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Greek-owned tanker PANTELENA missing in West Africa found

Greek-owned tanker PANTELENA with a crew of 19 Georgian and Russian sailors that went missing for over a week in the Gulf of Guinea has been found off the coast of Congo, Tbilisi said on Friday.  The reason for its disappearance remained unclear.

The Pantelena, a Panamanian-flagged tanker owned by a Greek company, “has been found in Congo’s territorial waters and is heading to the port of Lome in the Togolese Republic,” Georgia’s foreign ministry said in a statement, AFP reports late on Friday.

“The lives and health of Georgian sailors are not under threat,” the ministry added.

On August 14, the ship “turned off its locator beacon,” a device that tracks a vessel’s position by satellite, a regional military source in Africa said, adding that “the first thing that pirates do when they board a ship is to cut off this beacon.”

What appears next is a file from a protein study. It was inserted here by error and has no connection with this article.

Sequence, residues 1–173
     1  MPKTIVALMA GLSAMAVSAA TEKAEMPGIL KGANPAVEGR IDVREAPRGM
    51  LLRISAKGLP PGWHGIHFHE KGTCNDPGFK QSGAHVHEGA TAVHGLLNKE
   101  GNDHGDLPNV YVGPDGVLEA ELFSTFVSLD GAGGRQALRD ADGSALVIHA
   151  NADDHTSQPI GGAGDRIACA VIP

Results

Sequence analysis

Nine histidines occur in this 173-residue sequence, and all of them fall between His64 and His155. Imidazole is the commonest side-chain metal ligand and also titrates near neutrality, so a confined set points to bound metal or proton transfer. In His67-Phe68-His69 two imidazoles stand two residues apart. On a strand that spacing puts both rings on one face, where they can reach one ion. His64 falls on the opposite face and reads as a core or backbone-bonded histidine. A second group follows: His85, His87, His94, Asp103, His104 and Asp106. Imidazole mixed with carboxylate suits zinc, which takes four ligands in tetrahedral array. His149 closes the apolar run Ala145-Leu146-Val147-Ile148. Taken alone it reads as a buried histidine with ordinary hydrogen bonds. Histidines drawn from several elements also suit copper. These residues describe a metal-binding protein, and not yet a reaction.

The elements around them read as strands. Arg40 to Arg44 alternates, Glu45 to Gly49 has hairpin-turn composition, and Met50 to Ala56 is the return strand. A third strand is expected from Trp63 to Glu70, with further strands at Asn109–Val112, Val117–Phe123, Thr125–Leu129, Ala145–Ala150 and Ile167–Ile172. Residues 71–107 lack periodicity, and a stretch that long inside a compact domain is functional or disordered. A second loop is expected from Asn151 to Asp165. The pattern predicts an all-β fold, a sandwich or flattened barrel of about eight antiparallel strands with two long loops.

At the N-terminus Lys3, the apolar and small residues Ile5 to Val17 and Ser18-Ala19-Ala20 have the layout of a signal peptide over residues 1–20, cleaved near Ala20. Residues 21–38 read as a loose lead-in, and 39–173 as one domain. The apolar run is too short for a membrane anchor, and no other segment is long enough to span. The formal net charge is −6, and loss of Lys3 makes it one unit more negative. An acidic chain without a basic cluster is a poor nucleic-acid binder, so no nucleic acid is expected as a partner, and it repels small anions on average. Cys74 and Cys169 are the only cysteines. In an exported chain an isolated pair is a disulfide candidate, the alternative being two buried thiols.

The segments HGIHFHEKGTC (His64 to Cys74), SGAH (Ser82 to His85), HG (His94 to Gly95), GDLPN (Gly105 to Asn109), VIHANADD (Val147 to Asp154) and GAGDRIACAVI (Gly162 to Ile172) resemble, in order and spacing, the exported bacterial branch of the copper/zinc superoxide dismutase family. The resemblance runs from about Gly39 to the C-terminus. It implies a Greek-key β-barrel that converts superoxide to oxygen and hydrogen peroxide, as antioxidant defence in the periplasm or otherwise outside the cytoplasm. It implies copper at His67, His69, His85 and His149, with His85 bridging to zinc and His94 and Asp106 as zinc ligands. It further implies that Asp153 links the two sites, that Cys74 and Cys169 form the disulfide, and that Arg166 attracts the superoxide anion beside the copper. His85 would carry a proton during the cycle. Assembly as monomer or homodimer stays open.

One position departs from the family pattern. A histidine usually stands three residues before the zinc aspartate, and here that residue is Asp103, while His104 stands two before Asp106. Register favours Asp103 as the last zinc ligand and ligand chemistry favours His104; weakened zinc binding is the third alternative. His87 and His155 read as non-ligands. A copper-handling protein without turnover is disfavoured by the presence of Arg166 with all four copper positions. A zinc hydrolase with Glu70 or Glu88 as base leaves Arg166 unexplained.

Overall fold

The Gulf of Guinea has in recent years become the epicentre of maritime piracy in Africa.

Georgia’s foreign ministry said earlier that a search operation was being conducted with the help of the British maritime authorities and that there were concerns for the 17 Georgian and two Russian sailors onboard.

But a senior Georgian diplomat told AFP on Friday on condition of anonymity that “what happened at the Pantelena probably wasn’t an instance of piracy.”

“The incident is now settled,” the diplomat said without giving further details.

The vessel is Panamanian-flagged and owned by a Greek company, Lotus Shipping Co. Ltd.

Africanews reports that the Pantelena was spotted on Wednesday by the multinational coordination center in Pointe Noire, Congo.

The Panamanian-flagged ship had disappeared from the radar screens of the Libreville Navy’s operational center.

The 121-metre tanker was carrying about 7,000 tons of fuel.

Cremac, the regional maritime security centre for Central Africa, has a mission to ensure the control of the maritime space of the the Gulf of Guinea and the Economic Community of Central African States (ECCAS)

However, inadequate equipment sometimes prevents the various multinational coordination centers and from providing optimum coverage of the maritime space.

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